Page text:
You won't want to miss this mouthwatering pansotti al sugo di noci recipe by Paolo Laboa, chef/owner of Solo Italiano

28 November 2019

Pansotti al sugo di noci

This week's recipe is shared by Paolo Laboa, chef/owner of Solo Italianoin Portland, Maine. The recipe is a house and community favourite and stands out for its richness of flavour and surfeit of local ingredients in the filling. In Maine, the seasons are short but greens of all types can flow from greenhouses and aquaponics setups all year long. The greens come from Stonecipher Farm in Bowdoinham and Olivia's Garden in New Gloucester – also the producer of our young, year-round basil. The ricotta salata comes from Swallowtail Farm in Whitefield.

Serves 10

For the dough:

  • ¼ kg "OO", unbleached flour
  • 1.5 oz glass white wine (the rest of the glass for the cook!)
  • 2 tbsp Parmigiana-Reggiano
  • 1 whole egg

For the filling:

  • 150 g ricotta salata
  • touch of garlic (1 small clove)
  • marjoram to taste
  • ¼ c walnuts
  • 350 g of any combination of the following from a local, organic farm: borage, white chard, spinach, nettles, pea shoots, asparagus tops, green clover
  • sea salt to taste

For the pesto:

  • 1 c walnuts and/or pine nuts
  • ⅓ c Parmigiana-Reggiano
  • ¼ c extra virgin olive oil
  • touch of garlic
  • sea salt to taste
  • 1.5 tbsp marjoram
  • 1 tsp nutmeg
  • ½ c sourdough crust soaked in milk (ideally overnight)


  • Knead your pasta dough sufficiently to incorporate.
  • Using a spiralizer, roll your pasta thin (think tagliatelle thin, just not tagliatelle dried, this dough is used fresh). Tagliatelle is important for relation because of your starting point for filling, folding and finishing the individual pasta pieces. Ultimately you will be seeking long, 1.5 inch wide sheets. You may need to cut in half the long way with a pizza roller to achieve this width.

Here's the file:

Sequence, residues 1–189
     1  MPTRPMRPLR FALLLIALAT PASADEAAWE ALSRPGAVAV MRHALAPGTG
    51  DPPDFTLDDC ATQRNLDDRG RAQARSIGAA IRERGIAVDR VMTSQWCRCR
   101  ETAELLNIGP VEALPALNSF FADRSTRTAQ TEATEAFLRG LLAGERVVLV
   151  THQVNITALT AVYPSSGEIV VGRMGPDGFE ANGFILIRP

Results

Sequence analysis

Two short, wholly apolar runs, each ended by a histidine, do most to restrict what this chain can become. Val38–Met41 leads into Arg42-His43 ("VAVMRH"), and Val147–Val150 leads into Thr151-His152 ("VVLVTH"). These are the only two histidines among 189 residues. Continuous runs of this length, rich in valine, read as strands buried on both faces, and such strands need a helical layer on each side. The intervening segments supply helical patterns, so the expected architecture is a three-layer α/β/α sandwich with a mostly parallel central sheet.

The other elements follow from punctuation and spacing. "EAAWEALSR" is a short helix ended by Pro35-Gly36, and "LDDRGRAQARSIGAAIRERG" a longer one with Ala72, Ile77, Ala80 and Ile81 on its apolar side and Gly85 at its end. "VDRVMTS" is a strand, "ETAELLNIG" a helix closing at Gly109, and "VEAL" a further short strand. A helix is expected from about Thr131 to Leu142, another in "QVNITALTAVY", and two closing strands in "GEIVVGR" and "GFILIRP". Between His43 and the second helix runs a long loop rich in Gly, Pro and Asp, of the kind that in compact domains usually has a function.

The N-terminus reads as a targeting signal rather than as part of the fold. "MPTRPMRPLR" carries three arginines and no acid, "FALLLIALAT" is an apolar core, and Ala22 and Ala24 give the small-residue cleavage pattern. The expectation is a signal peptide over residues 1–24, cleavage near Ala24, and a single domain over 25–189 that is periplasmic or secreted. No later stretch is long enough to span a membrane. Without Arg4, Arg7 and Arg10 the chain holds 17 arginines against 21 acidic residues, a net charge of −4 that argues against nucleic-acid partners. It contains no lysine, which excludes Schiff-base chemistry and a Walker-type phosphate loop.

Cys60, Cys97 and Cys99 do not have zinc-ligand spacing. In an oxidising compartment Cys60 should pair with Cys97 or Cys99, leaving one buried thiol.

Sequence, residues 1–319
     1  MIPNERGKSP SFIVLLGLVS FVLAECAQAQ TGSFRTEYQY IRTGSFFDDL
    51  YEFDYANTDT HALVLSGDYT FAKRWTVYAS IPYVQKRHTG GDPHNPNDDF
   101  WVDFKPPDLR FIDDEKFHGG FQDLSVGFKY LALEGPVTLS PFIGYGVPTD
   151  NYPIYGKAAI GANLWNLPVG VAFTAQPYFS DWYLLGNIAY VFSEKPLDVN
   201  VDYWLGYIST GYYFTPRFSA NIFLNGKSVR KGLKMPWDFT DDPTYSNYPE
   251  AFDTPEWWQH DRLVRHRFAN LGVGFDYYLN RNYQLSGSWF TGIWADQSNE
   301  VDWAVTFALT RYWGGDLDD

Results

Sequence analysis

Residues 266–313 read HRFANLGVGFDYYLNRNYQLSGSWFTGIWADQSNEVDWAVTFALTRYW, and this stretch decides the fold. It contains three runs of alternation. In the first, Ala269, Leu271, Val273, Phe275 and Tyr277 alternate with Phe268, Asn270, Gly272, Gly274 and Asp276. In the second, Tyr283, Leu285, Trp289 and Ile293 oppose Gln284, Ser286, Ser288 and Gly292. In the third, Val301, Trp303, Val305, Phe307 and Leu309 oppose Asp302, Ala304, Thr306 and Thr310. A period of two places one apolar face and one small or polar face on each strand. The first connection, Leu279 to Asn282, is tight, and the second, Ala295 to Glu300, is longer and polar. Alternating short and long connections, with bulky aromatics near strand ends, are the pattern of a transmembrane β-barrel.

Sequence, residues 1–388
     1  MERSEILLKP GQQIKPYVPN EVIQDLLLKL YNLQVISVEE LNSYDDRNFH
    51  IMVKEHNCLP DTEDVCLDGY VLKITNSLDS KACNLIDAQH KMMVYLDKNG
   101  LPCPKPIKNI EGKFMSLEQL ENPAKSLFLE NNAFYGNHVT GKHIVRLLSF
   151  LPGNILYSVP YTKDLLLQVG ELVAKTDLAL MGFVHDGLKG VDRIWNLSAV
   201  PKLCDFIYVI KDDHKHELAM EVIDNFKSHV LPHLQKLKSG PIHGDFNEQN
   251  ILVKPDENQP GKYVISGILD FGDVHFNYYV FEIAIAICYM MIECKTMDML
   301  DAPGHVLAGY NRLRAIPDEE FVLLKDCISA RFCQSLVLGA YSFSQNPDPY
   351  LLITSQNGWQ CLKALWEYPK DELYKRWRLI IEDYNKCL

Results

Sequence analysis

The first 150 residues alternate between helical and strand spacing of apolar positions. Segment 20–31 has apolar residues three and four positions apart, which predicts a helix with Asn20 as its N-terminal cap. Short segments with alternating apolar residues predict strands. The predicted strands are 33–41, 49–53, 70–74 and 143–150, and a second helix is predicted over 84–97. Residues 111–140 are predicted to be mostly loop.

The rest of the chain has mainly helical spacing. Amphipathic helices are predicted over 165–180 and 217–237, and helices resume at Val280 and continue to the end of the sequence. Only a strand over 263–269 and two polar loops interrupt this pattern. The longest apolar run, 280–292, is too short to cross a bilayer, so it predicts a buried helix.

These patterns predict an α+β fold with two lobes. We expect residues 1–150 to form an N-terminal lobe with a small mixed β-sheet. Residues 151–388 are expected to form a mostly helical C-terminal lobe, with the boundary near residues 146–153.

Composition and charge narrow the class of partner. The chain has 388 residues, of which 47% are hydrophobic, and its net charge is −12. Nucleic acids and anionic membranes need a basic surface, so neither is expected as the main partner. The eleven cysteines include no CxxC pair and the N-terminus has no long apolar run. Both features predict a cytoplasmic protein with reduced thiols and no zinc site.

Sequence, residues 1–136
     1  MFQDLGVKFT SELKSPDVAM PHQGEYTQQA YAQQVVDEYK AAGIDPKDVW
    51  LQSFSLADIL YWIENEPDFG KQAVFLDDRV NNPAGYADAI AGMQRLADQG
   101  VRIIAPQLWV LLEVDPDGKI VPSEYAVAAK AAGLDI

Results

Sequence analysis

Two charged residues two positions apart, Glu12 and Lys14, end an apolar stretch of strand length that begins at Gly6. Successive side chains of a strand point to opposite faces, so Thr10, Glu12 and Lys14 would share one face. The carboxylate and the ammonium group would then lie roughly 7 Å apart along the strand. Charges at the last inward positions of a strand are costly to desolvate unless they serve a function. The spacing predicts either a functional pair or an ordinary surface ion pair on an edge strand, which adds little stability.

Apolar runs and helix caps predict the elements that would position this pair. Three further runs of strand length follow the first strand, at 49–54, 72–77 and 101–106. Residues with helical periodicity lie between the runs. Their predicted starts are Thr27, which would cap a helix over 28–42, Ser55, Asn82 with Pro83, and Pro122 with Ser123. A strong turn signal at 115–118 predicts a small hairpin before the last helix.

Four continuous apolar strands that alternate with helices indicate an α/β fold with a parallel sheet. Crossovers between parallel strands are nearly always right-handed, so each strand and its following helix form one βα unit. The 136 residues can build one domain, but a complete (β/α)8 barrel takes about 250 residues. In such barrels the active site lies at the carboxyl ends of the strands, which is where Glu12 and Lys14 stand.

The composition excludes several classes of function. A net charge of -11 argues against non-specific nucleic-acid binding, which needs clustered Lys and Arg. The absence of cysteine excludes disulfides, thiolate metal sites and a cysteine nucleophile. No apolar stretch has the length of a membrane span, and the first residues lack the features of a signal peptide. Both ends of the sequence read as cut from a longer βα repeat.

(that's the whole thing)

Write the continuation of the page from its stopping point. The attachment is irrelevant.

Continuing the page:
• From here you will cut squares along the 1.5 inch wide sheet. Each square will be filled with a healthy dollop of the filling from a pastry bag.
  • Once all your dollops are placed, you can begin the humbling action of folding pasta to shape. Your goal here is simple enough: a pouch, or belly – the meaning of the word pansotti.
  • Important: Keep your pasta flat on the surface through to the finish.
  • First, fold the square into a triangle (over the filling), then pinch the sides of the triangle.
  • Finally, place your thumb at the base of the triangle and fold the bottom corners of it behind your thumb. This should produce a "belly" sticking up above the top of the triangle.

Tip: When cooking fresh-made pasta, you will want to properly salt your water. The reason for this is the fact that all salt incorporated thus far in the recipe is to taste, essentially meaning to the point that you can taste the salt. Kosher salt is best.

  • When the salted water is boiling, add your pasta. For fresh pasta, your cook time may be no more than 2-4 minutes.
  • Once the pasta is ready, you will pick up your pasta in the pesto. This means having a warm (not a hot!) pan, with a healthy spoonful of pesto (per serving of 5-6 pansotti) and a sprinkling of Parmigiana-Reggiano. Use a large spoon to toss, turn and serve. Enjoy hot.

Paolo Laboa, chef/owner of Solo ItalianoPaolo Laboa, chef/owner of Solo Italiano